When my son Jefferson was little and my office was in a tiny room at the house, he used to come in with an apple and sit on a big chair. I would turn my office chair around to face him, and put my feet up on the arms of his chair. In this way, I would enclose him and protect him. We called this time “protect time,” and it impressed on him forever that fathers protect sons. Jefferson is thirteen years old, and we still talk about protect time.
I like wearing sunglasses because they protect me from the harsh light of the world. My house protects me from the rain. My skin protects my bones from becoming bleached in the sun. I love visored hats in the rain because the visor protects my face from the water. A hot coffee cup in my hands, in winter, protects my hands from the cold of my downtown office, before the heater hits. My dad used to protect me, but he died. God protects me every day with an invisible shield. This works in combination with my sunglasses and my skin. I mix frozen berries in with my protein shake; the berries protect me from certain forms of cancer. I go to bed at 8:00, and this protects me from the debilitating forces of stress. Rising before the sun protects me from the mad rush of the eon. The quiet and solitude protect my spirit, and these work in conjunction with God and my skin.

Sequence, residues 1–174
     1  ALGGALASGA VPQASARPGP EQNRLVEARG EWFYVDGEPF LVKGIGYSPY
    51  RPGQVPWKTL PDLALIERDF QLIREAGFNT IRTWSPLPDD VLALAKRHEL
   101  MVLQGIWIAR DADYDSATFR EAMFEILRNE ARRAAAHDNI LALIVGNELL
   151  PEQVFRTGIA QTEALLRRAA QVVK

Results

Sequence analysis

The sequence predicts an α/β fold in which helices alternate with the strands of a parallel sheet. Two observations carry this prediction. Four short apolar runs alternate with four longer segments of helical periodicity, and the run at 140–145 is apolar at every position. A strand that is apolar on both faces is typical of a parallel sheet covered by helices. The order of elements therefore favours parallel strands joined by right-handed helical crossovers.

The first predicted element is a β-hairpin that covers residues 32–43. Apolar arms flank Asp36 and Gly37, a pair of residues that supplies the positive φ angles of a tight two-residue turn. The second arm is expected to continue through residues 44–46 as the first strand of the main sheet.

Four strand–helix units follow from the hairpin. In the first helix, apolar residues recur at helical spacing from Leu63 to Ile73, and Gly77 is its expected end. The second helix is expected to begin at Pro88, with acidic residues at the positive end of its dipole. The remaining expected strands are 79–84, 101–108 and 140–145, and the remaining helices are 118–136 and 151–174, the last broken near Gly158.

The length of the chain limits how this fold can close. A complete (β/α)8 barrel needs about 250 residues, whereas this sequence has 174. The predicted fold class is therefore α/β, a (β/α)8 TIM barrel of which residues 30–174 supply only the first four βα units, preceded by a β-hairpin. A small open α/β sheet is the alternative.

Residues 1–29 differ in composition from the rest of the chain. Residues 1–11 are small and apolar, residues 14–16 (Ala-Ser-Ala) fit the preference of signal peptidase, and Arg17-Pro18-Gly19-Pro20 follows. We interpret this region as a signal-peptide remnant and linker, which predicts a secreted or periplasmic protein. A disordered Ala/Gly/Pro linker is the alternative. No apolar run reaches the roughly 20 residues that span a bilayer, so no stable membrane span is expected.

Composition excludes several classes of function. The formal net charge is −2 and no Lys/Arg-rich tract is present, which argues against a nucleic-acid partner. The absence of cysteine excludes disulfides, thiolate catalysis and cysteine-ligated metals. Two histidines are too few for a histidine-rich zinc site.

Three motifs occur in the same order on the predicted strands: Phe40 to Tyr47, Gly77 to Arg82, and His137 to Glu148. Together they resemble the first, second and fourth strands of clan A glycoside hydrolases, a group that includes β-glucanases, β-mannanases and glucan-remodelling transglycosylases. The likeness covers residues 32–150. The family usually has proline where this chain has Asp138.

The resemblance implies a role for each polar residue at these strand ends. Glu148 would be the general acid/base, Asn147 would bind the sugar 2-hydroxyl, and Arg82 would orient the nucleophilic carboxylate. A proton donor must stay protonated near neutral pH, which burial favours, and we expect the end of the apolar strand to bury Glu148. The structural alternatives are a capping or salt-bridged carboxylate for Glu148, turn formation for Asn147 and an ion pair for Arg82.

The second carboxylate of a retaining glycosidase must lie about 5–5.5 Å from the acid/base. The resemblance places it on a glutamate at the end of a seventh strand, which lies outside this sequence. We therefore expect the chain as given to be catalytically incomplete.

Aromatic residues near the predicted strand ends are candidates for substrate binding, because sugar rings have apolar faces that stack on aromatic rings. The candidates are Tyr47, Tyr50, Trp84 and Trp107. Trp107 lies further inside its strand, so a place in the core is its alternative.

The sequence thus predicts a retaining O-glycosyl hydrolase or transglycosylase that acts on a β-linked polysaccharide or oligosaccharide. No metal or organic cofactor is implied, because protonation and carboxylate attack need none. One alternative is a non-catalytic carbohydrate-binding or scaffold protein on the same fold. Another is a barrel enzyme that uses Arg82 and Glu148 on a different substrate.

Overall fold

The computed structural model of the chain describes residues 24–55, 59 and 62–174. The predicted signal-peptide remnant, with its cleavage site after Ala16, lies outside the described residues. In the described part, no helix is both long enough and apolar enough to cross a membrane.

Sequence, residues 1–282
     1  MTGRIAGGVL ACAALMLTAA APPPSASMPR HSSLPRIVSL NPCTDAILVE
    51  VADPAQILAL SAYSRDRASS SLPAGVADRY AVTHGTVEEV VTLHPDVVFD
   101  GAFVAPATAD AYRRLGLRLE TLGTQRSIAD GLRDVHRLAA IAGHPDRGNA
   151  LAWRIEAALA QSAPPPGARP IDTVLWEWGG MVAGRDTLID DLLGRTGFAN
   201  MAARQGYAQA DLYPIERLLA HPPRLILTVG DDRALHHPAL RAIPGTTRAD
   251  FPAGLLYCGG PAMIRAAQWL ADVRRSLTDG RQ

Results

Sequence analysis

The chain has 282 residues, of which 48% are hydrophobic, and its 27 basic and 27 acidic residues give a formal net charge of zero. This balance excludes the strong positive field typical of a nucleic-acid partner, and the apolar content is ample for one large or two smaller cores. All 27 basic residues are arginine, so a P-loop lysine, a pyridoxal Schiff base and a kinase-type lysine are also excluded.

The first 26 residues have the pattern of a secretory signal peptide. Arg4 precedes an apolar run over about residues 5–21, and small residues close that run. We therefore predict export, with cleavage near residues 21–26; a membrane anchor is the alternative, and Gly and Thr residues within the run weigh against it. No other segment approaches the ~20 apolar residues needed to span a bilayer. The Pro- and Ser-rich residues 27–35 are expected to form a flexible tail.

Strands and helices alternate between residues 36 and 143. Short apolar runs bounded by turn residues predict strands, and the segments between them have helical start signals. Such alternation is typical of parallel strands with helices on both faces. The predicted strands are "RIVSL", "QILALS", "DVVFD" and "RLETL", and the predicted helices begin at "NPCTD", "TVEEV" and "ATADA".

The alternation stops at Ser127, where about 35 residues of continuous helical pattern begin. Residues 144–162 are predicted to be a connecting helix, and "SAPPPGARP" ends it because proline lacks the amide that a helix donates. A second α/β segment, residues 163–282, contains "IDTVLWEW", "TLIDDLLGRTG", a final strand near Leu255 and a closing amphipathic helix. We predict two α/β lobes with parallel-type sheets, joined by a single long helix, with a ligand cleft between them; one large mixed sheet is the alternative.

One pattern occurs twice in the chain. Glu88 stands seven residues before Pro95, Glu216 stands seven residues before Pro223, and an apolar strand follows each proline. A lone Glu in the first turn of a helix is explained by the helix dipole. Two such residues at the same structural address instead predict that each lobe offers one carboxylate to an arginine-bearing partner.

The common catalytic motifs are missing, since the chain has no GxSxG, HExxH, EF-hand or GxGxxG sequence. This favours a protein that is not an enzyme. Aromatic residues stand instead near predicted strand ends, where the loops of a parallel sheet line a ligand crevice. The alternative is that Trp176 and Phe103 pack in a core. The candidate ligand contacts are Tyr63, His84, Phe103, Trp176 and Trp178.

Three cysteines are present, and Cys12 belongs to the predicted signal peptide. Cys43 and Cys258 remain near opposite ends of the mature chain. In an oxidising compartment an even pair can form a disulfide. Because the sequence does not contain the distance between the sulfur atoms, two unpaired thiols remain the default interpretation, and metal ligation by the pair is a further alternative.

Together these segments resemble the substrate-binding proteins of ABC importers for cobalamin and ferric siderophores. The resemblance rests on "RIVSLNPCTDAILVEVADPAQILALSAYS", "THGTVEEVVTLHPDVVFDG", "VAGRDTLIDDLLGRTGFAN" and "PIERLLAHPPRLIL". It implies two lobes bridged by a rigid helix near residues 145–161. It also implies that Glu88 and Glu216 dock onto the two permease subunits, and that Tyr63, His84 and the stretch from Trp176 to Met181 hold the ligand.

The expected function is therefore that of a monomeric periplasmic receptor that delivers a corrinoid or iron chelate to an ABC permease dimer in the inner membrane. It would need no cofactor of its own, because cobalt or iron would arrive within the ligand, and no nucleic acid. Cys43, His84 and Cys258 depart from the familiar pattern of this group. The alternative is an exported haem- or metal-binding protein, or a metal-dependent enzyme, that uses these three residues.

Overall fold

My favorite time of day is when I crawl into bed. I sleep naked because I want to be free. The walls of my home protect me from the wind. If it rains during the night, I am all right because of the roof and the walls. A man needs a roof, four walls and a good wife; with these, he is happy. A down comforter is bonus protection, in the winter. I hope it is unnecessary for geese to die to provide the feathers that insulate my naked frame from the blue of night, which is 4 a.m. Four o’clock in the morning is called “the blue hour” because it is the time when the body comes closest to death. The heart is stiller then, the blood cooler, and the body practices for an untimely demise. If God is merciful, death is deferred for another day. At 4:01 a.m., life begins its slow return. Heat returns to the blood and the heart adds another beat per minute to prepare its home for the stresses of a wicked eon.
Death is dodged for another day, but maybe not tomorrow. Maybe tomorrow I will die. Death hangs over the head daily and by night, and there is nothing for it but food and skin, berries the color of wine, and sons and a good wife. But these, themselves, die. The only thing for it, then, is the invisible barrier of God. But even this flies at the hour appointed for an earthly end. The only thing for it, then, is an expectation for a future beyond the now-visible world. The only thing for it is the knowledge that God will one day abolish death. This knowledge is the feet of God at the arms of the chair, protecting the citizens of this tiny room from despair.
© 2006 by Martin Zender